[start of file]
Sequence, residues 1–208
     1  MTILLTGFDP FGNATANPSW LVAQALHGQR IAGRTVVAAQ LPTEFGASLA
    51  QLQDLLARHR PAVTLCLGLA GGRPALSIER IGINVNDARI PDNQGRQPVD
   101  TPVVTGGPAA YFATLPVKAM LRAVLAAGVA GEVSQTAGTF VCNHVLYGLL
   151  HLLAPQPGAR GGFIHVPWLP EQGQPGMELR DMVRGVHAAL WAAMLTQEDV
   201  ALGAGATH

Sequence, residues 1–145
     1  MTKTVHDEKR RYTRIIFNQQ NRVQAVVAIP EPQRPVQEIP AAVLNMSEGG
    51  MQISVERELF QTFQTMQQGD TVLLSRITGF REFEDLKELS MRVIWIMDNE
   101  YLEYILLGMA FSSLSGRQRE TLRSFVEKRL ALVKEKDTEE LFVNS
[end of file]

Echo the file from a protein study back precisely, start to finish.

Sequence, residues 1–208
     1  MTILLTGFDP FGNATANPSW LVAQALHGQR IAGRTVVAAQ LPTEFGASLA
    51  QLQDLLARHR PAVTLCLGLA GGRPALSIER IGINVNDARI PDNQGRQPVD
   101  TPVVTGGPAA YFATLPVKAM LRAVLAAGVA GEVSQTAGTF VCNHVLYGLL
   151  HLLAPQPGAR GGFIHVPWLP EQGQPGMELR DMVRGVHAAL WAAMLTQEDV
   201  ALGAGATH

Sequence, residues 1–145
     1  MTKTVHDEKR RYTRIIFNQQ NRVQAVVAIP EPQRPVQEIP AAVLNMSEGG
    51  MQISVERELF QTFQTMQQGD TVLLSRITGF REFEDLKELS MRVIWIMDNE
   101  YLEYILLGMA FSSLSGRQRE TLRSFVEKRL ALVKEKDTEE LFVNS